Home' The River Weekly News : RWN 021216 Contents THE RIVER - FEBRUARY 12, 2016
by Gerri Reaves
Dutchman's pipevine (Aristolochia
elegans) is an evergreen twining
vine with heart-shaped leaves and
unforgettable flowers about three inches
The flower's color and pattern of its
interior, as well as its shape, inspire sever-
al common names: Dutchman's pipevine,
calico flower and, simply, pipe vine.
Twining and coiling woody stems allow
it to climb fences and other structures up
to 15 feet or higher.
The curved tubular shape of the flow-
er's yellow throat flares out, giving it a
shape similar to an old Dutch pipe or the
one associated with Sherlock Holmes.
The flower's pattern of purple-brown
with white spots is similar to calico fabric.
Although it is a native of Brazil, not
Florida, it has been promoted even by
some native-plant enthusiasts because
it is a larval plant for several swallowtail
butterflies. Also, the dense pretty foli-
age of this fast-growing vine makes it a
good screen plant or a cover for unsightly
However, this native of South America
is listed as a category II invasive species
by the Florida Exotic Pest Plant Council,
so if you plant it, make an effort to con-
trol the spread of the winged seeds.
It is low maintenance and sometimes
reseeds near the parent plant. Give it par-
tial shade and some support.
This member of the birthwort family is
used medicinally for the pain of childbirth
and for treating malaria. The roots have
been used to treat snake bites, giving it
yet another name: snakeroot.
Exercise caution if using it medicinally,
for it is very toxic and its misuse can have
serious, even fatal, consequences.
Sources: Florida's Gardener's Guide
by Tom MacCubbin and Georgia B.
Tasker, Tropica Color Cyclopedia of
Exotic Plants and Trees by Alfred Byrd
Graf, edis.ifas.ufl.edu, and floridata.com.
Plant Smart explores the diverse
flora of South Florida.
Dutchman's pipevine's large speckled flow-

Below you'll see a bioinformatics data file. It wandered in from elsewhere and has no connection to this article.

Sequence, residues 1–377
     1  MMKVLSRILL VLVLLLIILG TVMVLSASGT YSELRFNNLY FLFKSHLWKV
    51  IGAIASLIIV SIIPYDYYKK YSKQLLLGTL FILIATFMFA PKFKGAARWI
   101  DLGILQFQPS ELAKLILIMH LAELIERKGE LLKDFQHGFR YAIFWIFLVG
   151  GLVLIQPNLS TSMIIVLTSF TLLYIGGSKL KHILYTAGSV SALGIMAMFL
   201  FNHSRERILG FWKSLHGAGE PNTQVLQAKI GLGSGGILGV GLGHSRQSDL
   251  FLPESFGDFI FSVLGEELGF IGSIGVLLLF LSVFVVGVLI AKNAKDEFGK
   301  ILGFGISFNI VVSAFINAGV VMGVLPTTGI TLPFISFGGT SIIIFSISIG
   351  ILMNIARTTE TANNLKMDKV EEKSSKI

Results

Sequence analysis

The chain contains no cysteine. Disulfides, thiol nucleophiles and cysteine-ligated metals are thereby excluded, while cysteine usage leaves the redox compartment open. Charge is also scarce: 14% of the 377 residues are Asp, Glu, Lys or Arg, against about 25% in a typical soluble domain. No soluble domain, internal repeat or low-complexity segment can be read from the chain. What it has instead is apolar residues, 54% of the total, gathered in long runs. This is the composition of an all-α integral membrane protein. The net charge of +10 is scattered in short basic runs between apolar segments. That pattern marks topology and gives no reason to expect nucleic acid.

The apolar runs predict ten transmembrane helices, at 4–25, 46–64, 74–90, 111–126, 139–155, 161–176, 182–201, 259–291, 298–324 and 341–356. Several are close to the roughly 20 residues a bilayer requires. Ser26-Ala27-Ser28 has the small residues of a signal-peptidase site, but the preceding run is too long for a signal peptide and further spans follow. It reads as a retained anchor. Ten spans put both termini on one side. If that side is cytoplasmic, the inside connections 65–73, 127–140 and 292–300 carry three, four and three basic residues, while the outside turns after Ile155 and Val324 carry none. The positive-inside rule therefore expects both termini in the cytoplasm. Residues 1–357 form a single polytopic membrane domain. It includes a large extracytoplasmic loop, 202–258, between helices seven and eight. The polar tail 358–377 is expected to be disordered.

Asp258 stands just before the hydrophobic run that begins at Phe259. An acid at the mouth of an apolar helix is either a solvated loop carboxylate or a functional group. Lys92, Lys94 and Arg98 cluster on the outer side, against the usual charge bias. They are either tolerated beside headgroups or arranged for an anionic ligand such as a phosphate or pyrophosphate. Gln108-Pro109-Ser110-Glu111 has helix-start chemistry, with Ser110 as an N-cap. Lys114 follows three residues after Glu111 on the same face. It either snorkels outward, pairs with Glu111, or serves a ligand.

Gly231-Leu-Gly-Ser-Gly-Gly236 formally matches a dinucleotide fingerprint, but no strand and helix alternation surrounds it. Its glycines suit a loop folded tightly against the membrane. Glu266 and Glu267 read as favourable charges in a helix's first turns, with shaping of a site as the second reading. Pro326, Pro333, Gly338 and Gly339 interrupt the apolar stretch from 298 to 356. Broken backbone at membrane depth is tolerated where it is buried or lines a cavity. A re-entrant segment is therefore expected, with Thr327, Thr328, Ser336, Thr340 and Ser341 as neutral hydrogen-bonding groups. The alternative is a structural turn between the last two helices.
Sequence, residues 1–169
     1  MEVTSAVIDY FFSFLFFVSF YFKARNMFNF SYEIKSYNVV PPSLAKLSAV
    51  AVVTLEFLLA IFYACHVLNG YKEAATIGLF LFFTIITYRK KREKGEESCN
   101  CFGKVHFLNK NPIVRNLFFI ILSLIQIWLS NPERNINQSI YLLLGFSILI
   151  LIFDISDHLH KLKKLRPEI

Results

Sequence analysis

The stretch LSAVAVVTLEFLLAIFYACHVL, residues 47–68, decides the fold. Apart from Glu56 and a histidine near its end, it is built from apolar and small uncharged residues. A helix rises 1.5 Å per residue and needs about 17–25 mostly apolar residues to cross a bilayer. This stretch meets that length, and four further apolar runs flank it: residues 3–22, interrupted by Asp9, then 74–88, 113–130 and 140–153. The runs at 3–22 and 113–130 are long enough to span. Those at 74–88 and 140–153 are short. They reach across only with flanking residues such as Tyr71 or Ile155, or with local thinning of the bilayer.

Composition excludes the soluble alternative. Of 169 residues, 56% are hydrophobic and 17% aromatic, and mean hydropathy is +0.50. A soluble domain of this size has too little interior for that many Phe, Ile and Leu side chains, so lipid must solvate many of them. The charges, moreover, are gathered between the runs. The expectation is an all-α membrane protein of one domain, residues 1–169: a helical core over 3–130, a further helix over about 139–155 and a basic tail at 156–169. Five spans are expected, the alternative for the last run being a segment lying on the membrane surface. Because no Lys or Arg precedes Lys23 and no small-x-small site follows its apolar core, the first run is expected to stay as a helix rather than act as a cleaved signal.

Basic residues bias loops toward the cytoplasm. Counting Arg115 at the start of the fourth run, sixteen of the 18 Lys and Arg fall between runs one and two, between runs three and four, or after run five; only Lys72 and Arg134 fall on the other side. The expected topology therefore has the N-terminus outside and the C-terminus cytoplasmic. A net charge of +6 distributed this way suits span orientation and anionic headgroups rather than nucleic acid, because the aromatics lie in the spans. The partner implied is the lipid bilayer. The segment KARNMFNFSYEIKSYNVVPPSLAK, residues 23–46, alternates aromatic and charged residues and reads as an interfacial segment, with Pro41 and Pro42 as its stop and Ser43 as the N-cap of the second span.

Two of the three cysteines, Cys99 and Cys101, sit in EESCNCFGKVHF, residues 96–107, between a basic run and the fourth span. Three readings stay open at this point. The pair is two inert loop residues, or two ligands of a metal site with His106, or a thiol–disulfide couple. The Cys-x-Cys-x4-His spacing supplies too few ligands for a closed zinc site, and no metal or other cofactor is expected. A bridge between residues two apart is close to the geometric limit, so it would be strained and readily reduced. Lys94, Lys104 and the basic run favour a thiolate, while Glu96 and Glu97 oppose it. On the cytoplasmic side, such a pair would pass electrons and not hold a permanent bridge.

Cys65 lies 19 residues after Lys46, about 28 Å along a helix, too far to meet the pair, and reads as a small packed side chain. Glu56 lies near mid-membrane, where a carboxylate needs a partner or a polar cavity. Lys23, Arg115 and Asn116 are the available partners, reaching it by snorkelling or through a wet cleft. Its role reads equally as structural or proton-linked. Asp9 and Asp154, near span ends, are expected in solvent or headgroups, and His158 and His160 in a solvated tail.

ers give it another common name: calico
A pipevine swallowtail caterpillar feeds on non-native Dutchman's pipevine
photos by Gerri Reaves
Registration Open For 'Ding' Darling
& Doc Ford's Tarpon Tournament
A100 percent purse promises to make the fifth annual "Ding" Darling & Doc
Ford's Tarpon Tournament on May 7, one of the hottest competitions on the
water. It pays out the entire entry fees as tournament awards. Registration dead-
line is April 29.
The competition is limited to 50 teams. The team fee of $500 for up to four
anglers also includes a captains dinner the night prior and an awards ceremony dinner
the evening of the tournament. All events take place at Doc Ford's Rum Bar & Grille
on Fort Myers Beach.
Doc Ford's has again committed to being the title sponsor for the 2016 tourna-
ment, along with the "Ding" Darling Wildlife Society-Friends of the Refuge (DDWS).
Diversified Yacht Services, Inc., of Fort Myers Beach will, for the fifth consecutive
year, provide support at the Presenting Sponsors level. Proceeds benefit wildlife and
conservation education at J.N. "Ding" Darling National Wildlife Refuge on Sanibel
"There's not another tarpon tournament like this in the area," said Marty Harrity,
Doc Ford's co-owner. "In past years we've had fishermen from all over the country.
Last year we paid out $25,375 in awards to five out of 48 participating teams. We
already have 24 teams signed up for this year -- way ahead of past years."
"Doc Ford's has been a faithful supporter of our efforts at 'Ding' Darling, helping